Treasury officials have been accused of ignoring the “banking emergency” blighting the north of Scotland.
Sutherland, which is 2,028 square miles and has a population of 13,500, has been left with only one branch – the Golspie Bank of Scotland – following the closure of eight others since 2005.
Some residents now face a 150-mile round trip to their nearest branch and those relying on public transport will have a three-hour bus journey each way.
Far North MP Jamie Stone has raised the issue repeatedly with ministers, but his concerns were “dismissed” in a letter from Treasury minister John Glen yesterday.
Mr Glen said it was not the place of the UK Government to “determine commercial strategies”.
In a letter, seen by the Press and Journal, he said: “Though I can sympathise with the dissatisfaction felt in a community when a bank branch closes, decisions on opening and closing branches are taken by the management of each bank on a commercial basis.
“It would therefore be inappropriate for the government to intervene in these decisions.
“Banking service providers need to balance customer interests, market competition and other commercial factors when considering their strategy.
“You may be interested to know that in 2018, two thirds of UK adults used contactless payments, 72% used online banking and 48% used mobile banking.
“Government cannot reverse the changes in the market and in customer behaviour, nor can it determine firms commercial strategies in response to those changes.”
Mr Stone said: “This reply from the government shows how dismissive they are of the banking crisis we are facing in the Highlands.
“The government needs to realise that usual practice cannot be applied to this situation in which we see just one bank in the whole of Sutherland.
“And to continue to point to 99% of people living within one mile of a post office shows they have not done their homework – for many people in my constituency this is simply not the case.
“We need shared banking hubs to be established and we need the government to take an interest and work with banks to provide joint branches to communities in rural areas like the far north.”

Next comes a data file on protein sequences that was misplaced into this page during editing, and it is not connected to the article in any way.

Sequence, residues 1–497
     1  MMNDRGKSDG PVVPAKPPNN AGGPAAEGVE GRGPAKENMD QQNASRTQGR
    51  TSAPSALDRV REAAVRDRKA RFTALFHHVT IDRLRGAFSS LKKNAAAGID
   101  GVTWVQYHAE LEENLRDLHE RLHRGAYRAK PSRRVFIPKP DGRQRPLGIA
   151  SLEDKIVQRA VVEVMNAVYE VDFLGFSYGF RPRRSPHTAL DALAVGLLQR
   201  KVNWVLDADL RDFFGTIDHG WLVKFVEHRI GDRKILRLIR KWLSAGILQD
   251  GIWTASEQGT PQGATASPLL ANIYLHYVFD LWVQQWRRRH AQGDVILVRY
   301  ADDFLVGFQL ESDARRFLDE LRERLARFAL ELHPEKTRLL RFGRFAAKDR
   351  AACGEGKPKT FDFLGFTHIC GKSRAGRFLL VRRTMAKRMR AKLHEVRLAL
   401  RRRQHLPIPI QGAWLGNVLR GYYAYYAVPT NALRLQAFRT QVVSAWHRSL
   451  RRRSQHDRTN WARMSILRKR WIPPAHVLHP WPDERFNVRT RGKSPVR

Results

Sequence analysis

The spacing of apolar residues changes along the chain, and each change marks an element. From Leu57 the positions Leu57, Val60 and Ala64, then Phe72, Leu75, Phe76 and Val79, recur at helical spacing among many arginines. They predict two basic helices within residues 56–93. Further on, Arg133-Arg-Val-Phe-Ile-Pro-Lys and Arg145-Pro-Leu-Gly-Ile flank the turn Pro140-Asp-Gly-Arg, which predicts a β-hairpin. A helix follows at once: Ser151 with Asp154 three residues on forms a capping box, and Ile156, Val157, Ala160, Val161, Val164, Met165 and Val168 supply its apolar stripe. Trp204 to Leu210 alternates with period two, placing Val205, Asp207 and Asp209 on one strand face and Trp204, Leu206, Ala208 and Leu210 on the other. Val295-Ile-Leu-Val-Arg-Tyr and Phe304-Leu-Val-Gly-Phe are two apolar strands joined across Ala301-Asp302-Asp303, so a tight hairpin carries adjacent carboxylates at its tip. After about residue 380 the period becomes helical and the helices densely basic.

Senior executives from the Bank of Scotland, TSB, Santander and Royal Bank of Scotland told the Scottish Affairs Committee earlier this year they were “open” to discussing the prospect of a hub but little progress has been made.
Police, meanwhile, have told an MSP they are continuing to investigate crimes targeting rural businesses and are “concerned at the increase in dishonesties in a concentrated area of the Highlands”.
Highlands and Islands Labour MSP, Rhoda Grant, is concerned by reports criminals are singling out small businesses in the region – including Fort Augustus – due to the lack of facilities to bank cash.
“These criminals have quickly realised that bank branch closures and cutbacks are having a knock-on effect on the ability of businesses to bank cash,” Mrs Grant said.
“The big banks should hang their heads in shame for pulling out of villages and towns in the region, leaving smaller shops and stores exposed to criminals who are rubbing their hands in glee at their good fortune.”
Iain MacLelland, Operational Superintendent for the Highlands and Islands Division, said one of the key messages to businesses was about not keeping cash on premises.
Mr MacLelland said: “We have been concerned at the increase in dishonesties in a concentrated area of the Highlands.
“We immediately put in place an action plan committing experienced investigative resources to the respective inquiries.
“These inquiries remain ongoing.”